"Nay, I am not ill; do not be afraid. Only my head aches
so let me lay it here, as the children do."

His wife made a place for it on her shoulder; there it rested
the pool tired head, until gradually the hard and painful
expression of the features relaxed, and it became John's own
natural face as quiet as any of the little faces on their pillows
upstairs, whence, doubtless, slumber had long banished all
anticipation of Longfield. At last, he too, fell asleep.

Ursula held up her finger, that I might not stir. The
clock in the corner, and the soft sobbing of the flame on the
hearth were the only sounds in the parlor. She sewed on
quietly to the end of her work; then let it drop on her lap,
and sat still. Her cheek leaned itself softly against John's hair,
and in her eyes, which seemed so intently contemplating the
little frock, 1 saw large bright tears gather fall. But her
look was serene, nay, happy; as if she thought of those beloved
ones, husband and children her very own preserved to her
in health and peace ay, and in that which is better than
either, the unity of love. For that priceless blessing, for the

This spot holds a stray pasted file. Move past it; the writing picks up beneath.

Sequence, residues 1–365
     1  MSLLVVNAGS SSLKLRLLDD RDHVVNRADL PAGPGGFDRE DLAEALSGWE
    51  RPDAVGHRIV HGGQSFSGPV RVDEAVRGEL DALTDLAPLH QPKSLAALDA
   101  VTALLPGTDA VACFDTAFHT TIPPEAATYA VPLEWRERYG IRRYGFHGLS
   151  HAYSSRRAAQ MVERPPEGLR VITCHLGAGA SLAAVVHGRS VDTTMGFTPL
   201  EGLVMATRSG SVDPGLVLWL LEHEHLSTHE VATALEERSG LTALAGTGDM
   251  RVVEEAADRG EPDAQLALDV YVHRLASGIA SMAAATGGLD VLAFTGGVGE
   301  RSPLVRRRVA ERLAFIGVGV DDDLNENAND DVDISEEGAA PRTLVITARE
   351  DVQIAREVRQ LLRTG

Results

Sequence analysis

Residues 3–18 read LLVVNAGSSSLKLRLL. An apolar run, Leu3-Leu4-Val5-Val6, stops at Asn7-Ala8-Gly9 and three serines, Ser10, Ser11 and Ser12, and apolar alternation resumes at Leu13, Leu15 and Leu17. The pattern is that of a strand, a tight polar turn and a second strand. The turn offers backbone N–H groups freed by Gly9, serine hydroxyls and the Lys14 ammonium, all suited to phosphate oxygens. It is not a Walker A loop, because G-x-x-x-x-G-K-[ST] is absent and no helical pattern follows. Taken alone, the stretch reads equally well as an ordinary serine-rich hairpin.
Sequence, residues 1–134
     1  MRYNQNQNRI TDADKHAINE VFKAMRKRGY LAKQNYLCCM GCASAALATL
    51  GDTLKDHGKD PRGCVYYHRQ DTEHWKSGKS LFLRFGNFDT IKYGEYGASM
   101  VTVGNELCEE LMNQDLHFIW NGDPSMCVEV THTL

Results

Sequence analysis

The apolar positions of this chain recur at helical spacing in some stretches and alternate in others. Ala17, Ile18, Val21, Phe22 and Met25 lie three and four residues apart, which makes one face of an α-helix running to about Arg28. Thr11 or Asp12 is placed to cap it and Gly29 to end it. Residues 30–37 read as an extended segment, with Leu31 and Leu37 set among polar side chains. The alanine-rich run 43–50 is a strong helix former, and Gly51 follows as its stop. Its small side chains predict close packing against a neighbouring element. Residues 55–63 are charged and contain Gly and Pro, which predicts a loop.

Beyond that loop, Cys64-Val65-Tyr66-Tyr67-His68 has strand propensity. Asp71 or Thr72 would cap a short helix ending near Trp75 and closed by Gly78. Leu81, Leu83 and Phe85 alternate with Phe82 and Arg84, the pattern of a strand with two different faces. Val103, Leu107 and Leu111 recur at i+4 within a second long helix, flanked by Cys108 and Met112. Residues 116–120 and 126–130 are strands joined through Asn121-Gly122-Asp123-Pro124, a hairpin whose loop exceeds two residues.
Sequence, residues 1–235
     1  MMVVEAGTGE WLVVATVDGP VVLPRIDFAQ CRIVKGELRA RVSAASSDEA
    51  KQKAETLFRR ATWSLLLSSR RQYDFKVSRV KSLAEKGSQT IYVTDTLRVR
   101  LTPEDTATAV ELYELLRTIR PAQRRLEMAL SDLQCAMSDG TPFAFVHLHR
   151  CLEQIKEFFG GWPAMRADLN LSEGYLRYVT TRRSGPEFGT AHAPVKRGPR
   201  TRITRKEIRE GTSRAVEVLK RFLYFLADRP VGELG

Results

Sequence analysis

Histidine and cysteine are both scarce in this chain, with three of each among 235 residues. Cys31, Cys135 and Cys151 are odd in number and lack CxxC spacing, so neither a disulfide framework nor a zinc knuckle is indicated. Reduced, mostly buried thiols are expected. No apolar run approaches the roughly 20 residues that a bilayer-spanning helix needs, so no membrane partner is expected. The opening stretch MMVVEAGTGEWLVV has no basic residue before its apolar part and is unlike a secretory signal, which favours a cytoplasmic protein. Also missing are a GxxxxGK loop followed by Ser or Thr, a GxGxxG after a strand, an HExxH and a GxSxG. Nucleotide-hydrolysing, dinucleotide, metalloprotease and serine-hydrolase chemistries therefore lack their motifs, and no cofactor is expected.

comfort of being his comfort, for the sweetness of bringing
up these his children in the fear of God and in the honor of
their father she, true wife and mother as she was, would not
have exchanged the wealth of the whole world.

"What's that?" "We all started, as a sudden ring at the
bell pealed through the house, waking John, and frightening
the very children in their beds. All for a mere letter, too,
brought by a lackey of Lord Luxmore's. Having somewhat
indignantly ascertained this fact, the mother ran upstairs
to quiet her little ones. When she came down, John still
stood with the letter in his hand. He had not told me what
it was; when I chanced to ask, he answered in a low tone,
"Presently!" On his wife's entrance he gave her the letter
udthout a word.


Well might it startle her into a cry of joy. Truly the deal-
ings of Heaven to us were wonderful!

"Mr. John Halifax.

"Sir: Your wife, Ursula Halifax, having some time since at-
tained the age fixed by her late father as her majority, I will,
within a month after date, pay over to your order all moneys,
principal and interest, accruing to her, and hitherto left in my

Online LibraryDinah Maria Mulock CraikJohn Halifax, gentleman : a novel → online text (page 21 of 41)